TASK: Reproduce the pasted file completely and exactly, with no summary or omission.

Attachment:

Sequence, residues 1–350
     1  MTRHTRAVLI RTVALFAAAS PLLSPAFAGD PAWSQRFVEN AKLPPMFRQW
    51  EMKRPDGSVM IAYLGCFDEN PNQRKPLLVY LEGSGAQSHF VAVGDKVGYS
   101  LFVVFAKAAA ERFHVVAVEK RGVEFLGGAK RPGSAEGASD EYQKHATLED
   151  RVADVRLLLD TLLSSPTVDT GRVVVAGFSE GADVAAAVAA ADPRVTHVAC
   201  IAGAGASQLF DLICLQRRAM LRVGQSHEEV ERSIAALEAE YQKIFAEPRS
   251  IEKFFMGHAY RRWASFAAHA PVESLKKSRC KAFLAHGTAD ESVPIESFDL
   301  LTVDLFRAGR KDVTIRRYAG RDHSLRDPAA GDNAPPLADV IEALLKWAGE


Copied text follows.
Sequence, residues 1–350
     1  MTRHTRAVLI RTVALFAAAS PLLSPAFAGD PAWSQRFVEN AKLPPMFRQW
    51  EMKRPDGSVM IAYLGCFDEN PNQRKPLLVY LEGSGAQSHF VAVGDKVGYS
   101  LFVVFAKAAA ERFHVVAVEK RGVEFLGGAK RPGSAEGASD EYQKHATLED
   151  RVADVRLLLD TLLSSPTVDT GRVVVAGFSE GADVAAAVAA ADPRVTHVAC
   201  IAGAGASQLF DLICLQRRAM LRVGQSHEEV ERSIAALEAE YQKIFAEPRS
   251  IEKFFMGHAY RRWASFAAHA PVESLKKSRC KAFLAHGTAD ESVPIESFDL
   301  LTVDLFRAGR KDVTIRRYAG RDHSLRDPAA GDNAPPLADV IEALLKWAGE